On April 14, 1935, the biggest dust storm on record descended over five states, from the Dakotas to Amarillo, Texas. People standing a few feet apart could not see each other; if they touched, they risked being knocked over by the static electricity that the dust created in the air. The Dust Bowl was the product of reckless, market-driven farming that had so abused the land that, when dry weather came, the wind lifted up millions of acres of topsoil and whipped it around in "black blizzards," which blew as far east as New York. This ecological disaster rapidly disfigured whole communities. Egan's portraits of the families who stayed behind are sobering and far less familiar than those of the "exodusters" who staggered out of the High Plains. He tells of towns depopulated to this day, a mother who watched her baby die of "dust pneumonia," and farmers who gathered tumbleweed as food for their cattle and, eventually, for their children.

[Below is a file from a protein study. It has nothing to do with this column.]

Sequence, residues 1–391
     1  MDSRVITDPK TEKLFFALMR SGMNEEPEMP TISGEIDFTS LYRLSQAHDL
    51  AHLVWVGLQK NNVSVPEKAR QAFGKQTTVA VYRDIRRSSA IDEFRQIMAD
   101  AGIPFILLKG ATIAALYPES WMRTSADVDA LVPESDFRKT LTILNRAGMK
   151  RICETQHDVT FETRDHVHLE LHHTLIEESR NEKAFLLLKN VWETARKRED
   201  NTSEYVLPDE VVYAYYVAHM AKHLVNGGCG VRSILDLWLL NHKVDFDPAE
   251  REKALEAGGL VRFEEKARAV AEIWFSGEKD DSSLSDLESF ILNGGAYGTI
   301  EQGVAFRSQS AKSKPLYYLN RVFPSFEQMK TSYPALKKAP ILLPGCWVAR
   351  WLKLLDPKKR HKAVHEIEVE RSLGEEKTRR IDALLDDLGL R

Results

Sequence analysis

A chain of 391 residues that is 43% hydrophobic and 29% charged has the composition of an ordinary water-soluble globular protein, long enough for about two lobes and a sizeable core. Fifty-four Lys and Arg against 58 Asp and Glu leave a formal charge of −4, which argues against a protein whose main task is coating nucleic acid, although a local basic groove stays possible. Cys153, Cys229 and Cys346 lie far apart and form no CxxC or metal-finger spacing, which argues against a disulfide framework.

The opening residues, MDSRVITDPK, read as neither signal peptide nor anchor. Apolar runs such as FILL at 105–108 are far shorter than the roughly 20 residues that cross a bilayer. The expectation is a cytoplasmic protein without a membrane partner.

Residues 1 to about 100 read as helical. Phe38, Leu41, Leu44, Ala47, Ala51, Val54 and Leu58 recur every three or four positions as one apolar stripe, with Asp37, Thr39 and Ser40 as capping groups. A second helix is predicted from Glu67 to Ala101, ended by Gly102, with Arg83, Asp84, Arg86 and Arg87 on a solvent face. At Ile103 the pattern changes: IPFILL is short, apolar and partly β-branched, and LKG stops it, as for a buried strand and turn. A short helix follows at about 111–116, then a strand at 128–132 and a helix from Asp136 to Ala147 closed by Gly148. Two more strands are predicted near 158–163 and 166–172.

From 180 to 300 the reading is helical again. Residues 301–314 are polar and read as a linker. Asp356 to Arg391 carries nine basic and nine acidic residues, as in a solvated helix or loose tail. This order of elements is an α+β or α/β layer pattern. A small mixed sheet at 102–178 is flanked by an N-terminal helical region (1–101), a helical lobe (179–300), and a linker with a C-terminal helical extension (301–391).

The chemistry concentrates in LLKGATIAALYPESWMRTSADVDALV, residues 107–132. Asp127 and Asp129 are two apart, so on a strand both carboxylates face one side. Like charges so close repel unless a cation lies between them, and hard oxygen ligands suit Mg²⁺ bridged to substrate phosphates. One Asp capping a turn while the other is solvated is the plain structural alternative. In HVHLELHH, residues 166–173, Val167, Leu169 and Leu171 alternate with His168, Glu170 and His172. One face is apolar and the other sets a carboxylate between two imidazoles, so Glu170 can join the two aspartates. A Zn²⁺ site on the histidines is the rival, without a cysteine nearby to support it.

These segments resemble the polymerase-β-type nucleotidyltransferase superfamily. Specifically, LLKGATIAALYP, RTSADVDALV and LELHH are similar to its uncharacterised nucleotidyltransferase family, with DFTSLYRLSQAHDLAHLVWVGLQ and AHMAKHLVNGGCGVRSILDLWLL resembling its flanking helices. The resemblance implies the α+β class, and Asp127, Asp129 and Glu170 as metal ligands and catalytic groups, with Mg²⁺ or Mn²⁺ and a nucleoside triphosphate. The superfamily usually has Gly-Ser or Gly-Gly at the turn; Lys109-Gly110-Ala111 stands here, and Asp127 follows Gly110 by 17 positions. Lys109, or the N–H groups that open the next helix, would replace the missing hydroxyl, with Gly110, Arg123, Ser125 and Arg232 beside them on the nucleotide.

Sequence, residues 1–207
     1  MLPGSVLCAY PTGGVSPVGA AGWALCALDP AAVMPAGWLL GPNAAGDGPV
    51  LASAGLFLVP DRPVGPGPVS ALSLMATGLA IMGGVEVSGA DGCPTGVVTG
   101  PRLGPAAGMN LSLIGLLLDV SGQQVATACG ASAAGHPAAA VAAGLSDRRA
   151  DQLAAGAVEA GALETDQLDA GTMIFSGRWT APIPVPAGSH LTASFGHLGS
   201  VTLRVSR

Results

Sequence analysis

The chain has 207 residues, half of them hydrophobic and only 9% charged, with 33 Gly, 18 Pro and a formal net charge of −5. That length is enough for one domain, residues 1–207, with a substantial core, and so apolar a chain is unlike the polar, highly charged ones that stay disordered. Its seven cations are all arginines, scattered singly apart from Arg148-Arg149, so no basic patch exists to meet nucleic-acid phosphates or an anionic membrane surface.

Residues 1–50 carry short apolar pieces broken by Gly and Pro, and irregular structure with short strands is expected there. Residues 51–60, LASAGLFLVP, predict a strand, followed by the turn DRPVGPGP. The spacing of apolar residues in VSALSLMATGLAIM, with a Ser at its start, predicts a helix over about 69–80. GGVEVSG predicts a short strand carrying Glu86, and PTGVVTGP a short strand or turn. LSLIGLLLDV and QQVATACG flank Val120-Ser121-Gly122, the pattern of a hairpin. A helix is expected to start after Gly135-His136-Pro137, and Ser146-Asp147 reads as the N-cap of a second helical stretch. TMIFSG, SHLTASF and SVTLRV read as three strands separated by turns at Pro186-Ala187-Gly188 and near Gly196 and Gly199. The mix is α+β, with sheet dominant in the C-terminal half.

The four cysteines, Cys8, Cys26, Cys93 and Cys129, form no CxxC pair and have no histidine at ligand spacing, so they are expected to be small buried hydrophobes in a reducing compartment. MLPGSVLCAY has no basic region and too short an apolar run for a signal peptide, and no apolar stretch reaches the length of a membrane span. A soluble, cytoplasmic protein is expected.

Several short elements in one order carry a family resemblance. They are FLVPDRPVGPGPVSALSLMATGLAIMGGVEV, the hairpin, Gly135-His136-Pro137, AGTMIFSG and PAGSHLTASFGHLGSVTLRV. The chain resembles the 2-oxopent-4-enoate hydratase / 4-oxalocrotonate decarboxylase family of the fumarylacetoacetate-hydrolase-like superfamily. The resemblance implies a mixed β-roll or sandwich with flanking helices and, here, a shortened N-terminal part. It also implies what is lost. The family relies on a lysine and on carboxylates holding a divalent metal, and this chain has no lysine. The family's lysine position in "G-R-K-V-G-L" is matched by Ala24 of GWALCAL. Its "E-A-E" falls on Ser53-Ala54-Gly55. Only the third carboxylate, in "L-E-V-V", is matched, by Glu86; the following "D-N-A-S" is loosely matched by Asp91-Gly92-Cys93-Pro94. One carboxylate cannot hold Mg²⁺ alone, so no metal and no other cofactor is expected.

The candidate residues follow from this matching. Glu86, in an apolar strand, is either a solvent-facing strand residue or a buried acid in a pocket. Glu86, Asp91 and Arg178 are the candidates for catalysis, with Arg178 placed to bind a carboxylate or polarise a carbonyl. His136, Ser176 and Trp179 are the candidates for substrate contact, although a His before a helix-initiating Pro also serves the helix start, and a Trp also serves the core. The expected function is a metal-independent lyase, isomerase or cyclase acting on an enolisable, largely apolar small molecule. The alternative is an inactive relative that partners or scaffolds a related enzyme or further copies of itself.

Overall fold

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Between the earth and that sky I felt erased, blotted out. -- Willa Cather
To my dad, raised by his widowed mother during the darkest years of the Great Depression, four to a bedroom. Among the many things he picked up from her was this skill: never let the kids see you sweat.
First words
On those days when the wind stops blowing across the face of the southern plains, the land falls into a silence that scares people in the way that a big house can haunt after the lights go out and no one else is there.
The banks seldom said no. After Congress passed the Federal Farm Loan Act in 1916, every town with a well and a sheriff had itself a farmland bank - an institution - offering forty-year loans at six percent interest... ...If it was hubris, or "tempting fate" as some of the church ladies said, well, the United States government did not see it that way.